The Discipleship Map Experiment
Our current experiment for framing discipleship at NCC is the Discipleship Map.
We have 2 basic goals at NCC: plug into a small group and plug into a ministry. We have over 60 groups during the Spring 2006 semester that allow NCCers opportunities to get plugged into disciple-making relationships.
But for several years, we have talked about the need for a discipleship map of some sort. We felt like we needed to give people a little more guidance. A brand new believer in Christ doesn't necessarily need to be in an inductive study on the book of Romans. And someone who has been following Christ for 30 years may not be challenged the most reading Purpose Driven Life.
I went into this process with 2 basic parameters. Number one, I did not want to develop a linear approach to discipleship. A lot of churches have discipleship strategies that are built on linear systems. You go to a Christianity 101 class. Then Discipleship 201. Then Leadership 301. I didn’t want a linear system like that because we don't feel that’s how most people grow. Most people do not grow in a systematic, linear way; rather, they learn what they need to learn when God connects them with the right people at the right time in the right place in the right circumstances. On a related note, I did not want to intentionally or unintentionally suggest that there was an “ending point.” All linear systems have some sort of endpoint, whether it is stated or not. And I did not want to indicate in any way that there was any sort of endpoint.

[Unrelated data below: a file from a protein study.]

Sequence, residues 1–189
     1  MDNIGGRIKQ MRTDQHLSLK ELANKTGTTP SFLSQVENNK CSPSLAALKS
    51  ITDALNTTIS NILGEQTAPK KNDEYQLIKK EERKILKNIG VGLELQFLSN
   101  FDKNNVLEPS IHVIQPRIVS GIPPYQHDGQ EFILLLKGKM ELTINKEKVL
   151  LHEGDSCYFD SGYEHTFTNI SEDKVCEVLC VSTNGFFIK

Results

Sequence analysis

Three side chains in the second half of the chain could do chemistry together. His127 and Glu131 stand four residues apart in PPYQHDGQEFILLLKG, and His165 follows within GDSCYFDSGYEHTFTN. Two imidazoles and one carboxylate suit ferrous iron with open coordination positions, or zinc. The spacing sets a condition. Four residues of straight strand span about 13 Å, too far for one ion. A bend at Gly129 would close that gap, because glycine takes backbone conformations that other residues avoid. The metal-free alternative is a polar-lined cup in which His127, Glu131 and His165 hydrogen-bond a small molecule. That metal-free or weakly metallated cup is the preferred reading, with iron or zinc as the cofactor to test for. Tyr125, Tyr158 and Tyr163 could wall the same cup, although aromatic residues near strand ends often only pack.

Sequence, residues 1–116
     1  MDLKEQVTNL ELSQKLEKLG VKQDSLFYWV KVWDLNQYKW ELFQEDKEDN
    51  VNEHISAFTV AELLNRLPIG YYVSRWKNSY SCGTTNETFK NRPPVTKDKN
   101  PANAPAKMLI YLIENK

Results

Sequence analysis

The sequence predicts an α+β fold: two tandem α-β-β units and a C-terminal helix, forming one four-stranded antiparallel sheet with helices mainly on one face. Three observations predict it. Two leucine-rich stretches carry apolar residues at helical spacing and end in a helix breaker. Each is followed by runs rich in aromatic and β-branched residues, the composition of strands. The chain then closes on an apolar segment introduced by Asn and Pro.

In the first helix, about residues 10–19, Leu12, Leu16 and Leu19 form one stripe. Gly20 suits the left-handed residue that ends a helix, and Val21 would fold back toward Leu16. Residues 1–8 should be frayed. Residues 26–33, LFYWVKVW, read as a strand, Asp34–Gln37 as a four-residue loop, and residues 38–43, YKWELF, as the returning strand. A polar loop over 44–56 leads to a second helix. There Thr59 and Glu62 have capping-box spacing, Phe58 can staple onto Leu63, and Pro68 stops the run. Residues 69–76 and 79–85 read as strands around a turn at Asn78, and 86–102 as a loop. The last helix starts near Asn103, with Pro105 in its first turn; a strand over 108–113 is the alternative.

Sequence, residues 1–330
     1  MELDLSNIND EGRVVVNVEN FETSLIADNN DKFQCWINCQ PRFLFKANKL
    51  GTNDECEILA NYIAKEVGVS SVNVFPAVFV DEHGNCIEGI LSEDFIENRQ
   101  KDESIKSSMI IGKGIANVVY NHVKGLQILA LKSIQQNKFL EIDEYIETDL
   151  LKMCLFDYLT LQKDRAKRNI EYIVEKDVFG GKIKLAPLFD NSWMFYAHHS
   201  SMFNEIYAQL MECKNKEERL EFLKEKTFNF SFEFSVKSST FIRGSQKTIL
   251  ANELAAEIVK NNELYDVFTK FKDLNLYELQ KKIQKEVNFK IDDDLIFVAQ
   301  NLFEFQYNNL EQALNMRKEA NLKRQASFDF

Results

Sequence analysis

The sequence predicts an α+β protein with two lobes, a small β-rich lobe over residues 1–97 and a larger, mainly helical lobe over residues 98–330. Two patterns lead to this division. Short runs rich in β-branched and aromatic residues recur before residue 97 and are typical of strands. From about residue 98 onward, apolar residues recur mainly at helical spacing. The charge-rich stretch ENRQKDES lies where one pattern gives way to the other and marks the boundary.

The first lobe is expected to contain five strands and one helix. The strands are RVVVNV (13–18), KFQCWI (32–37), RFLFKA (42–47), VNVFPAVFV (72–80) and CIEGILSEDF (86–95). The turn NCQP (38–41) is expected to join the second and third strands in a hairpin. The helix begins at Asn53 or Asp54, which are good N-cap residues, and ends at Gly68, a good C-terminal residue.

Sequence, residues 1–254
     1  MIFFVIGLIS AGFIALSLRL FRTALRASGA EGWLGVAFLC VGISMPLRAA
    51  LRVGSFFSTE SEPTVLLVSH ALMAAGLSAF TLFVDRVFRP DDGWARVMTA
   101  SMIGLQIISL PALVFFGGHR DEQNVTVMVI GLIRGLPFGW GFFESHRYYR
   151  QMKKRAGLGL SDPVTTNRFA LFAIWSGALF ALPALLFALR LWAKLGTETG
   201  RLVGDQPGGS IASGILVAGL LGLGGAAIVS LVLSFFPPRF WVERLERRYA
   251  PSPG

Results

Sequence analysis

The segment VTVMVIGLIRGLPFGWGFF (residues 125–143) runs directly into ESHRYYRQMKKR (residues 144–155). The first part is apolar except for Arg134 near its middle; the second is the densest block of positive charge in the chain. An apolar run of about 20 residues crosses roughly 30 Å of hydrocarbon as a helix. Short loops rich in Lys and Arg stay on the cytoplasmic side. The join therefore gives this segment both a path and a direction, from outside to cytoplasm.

The second criteria is that I did not want a one-size-fits-all system. A lot of church discipleship programs that I participated in try to cram everyone into one type of system. I was told that I would grow if I did (fill in the blank here). But I didn't always grow in those environments. Everyone is different. Some people grow best in one-on-one discipleship mentor relationships. Others grow best in community with a larger group. One way people grow is through experiences. A worship experience or a missions trip or a service project or a retreat may be a more powerful discipleship experience for some people. Personally, I like academic lecture/lab style discipleship. Give me a textbook and an assignment and I start growing—it’s not just an intellectual activity, it is discipleship for me. But the academic style is not the best discipleship environment for others. So I wanted to prayerfully develop a strategy that was built on a variety of discipleship methods. Our "free-market" approach to small groups already facilitated a wide variety of groups.
So what we have is a map. Not a set of step-by-step directions. But a guide and an invitation to exploration.
American poet William Stafford writes of people who “want a wilderness with a map.” I think that describes a lot of us. There is a yearning for the mystery, excitement, and adventure of stepping into the unknown. At the same time, that yearning for adventure is held in tension by a strong desire for a map to show us where to go. There is something in us that wants to see the destination. While the unknown is exciting, it is also unsettling.
This map does not have all the answers. It does not include everything we need to do or learn to be a disciple. And it doesn’t lay out all of the unexpected things that certainly lie in the path. But it does give NCCers a general idea of some ways they can go to take the next step in their spiritual journeys.
We don’t want to give people boxes to check off. Rather, we want to expose them to experiences that ignite their passion for God and then get out of their way. Finishing a process is not the goal. Being in the process of growing closer and closer to Christ is the goal. We want to give people opportunities to become fully devoted followers of Christ.
And there is terra incognita-- places of growth that we haven't yet discovered. That means more experimentation and exploration.